I don’t know Fernandez, and I have never met him in person. I wrote this for one reason only, claiming the right of free expression and the right of reply for those who don’t have a voice.
So, starting with facts: Saying that none of the 57 OIC countries have come forward to provide refuge for the Rohingyas in such numbers as Malaysia is simply wrong. Bangladesh which is an OIC member has more than 1,300,000 Rohingyas, Pakistan has more than 350,000, Saudi Arabia has more than 190,000, and UAE has more than 50,000. Even western countries like the US have more than 12,000 Rohingyas!
The article continues to be more surprising by mentioning the Vietnamese refugees back in 1975 while talking about refugee camps and moving restrictions against refugees as if it is something normal. Fernandez is not happy because the Rohingyas are not on a “Hell Island” as the Vietnamese refugees back then.
Next, Fernandez decides to denounce the Rohingya community in Malaysia for asking basic human rights such as the right to work, and have access to education, and says they are “Not realising that their presence here are as REFUGEES.”
Apparently, Fernandez never read or heard about the Universal Declaration of Human Rights or knew anything about the human rights of refugees. Moreover, he builds his argument on fake news and videos posted by cyber troopers on social media in a pathetic attempt to prove his point.
Then moves to a racist generalising comparison between Indonesian workers and Rohingyas just to condemn a whole community in a very racist manner not based on any facts or logic. Not to forget using a failed plantation jobs project by the BN government as “Proof” to his racist remarks.
Rohingyas don’t prefer handouts as the article claims. They prefer to have basic human rights like the right to work and gain their livelihood, and the Malaysian government does not pay a single ringgit to the Rohingyas or any other refugees as an aid. Refugees in Malaysia don’t receive financial aid from the government or UNHCR. They work under the danger of being detained, facing Malaysian employers abuse and extortion to gain their livelihood, and even those who don’t work they only receive help from NGOs and what Fernandez likes to call “Right do-gooders.”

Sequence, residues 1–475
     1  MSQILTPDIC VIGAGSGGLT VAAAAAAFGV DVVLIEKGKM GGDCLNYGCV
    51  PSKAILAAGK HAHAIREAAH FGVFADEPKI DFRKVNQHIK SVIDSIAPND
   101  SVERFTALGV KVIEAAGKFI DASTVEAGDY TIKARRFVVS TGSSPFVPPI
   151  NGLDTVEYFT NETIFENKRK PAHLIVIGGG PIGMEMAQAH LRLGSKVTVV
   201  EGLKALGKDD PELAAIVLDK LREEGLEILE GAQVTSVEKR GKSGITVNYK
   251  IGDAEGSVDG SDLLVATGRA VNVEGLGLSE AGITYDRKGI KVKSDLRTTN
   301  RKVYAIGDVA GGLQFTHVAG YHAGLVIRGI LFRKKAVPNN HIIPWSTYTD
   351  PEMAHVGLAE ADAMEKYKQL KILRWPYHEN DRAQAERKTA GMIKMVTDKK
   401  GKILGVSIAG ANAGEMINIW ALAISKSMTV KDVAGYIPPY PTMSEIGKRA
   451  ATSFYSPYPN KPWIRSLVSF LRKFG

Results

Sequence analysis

In fact, refugees, if given the right to work in Malaysia, could contribute RM3 billion to the Malaysian economy by 2024 through higher spending, according to a report by think tank IDEAS in 2019.
“In addition to boosting GDP, allowing refugees to work would lead to an increase in tax revenues, with a total contribution estimated at RM50 million each year by 2024,” report says.
No one is facilitating Rohingya’s entry to Malaysia, these are people who are escaping proved and documented genocide, rape, and arrests. These are people who are not recognised by their own country and have nowhere to go, and no one in the world has the right to call them “economic refugees” just by of a childish measure of kilometers and comparing the space between Myanmar, Thailand, and Malaysia.
Fernandez calls an “Investment” in reference to the money Rohingya refugees pay to the smugglers. These people jump into the trafficker’s boats, penniless. They are held in trafficking camps and abused until they are able to pay up.
No one pays this amount of money and puts themselves and their children in danger for an “Investment.” Unless death is behind you, you wouldn’t face the sea in a wooden boat to make an “Investment.”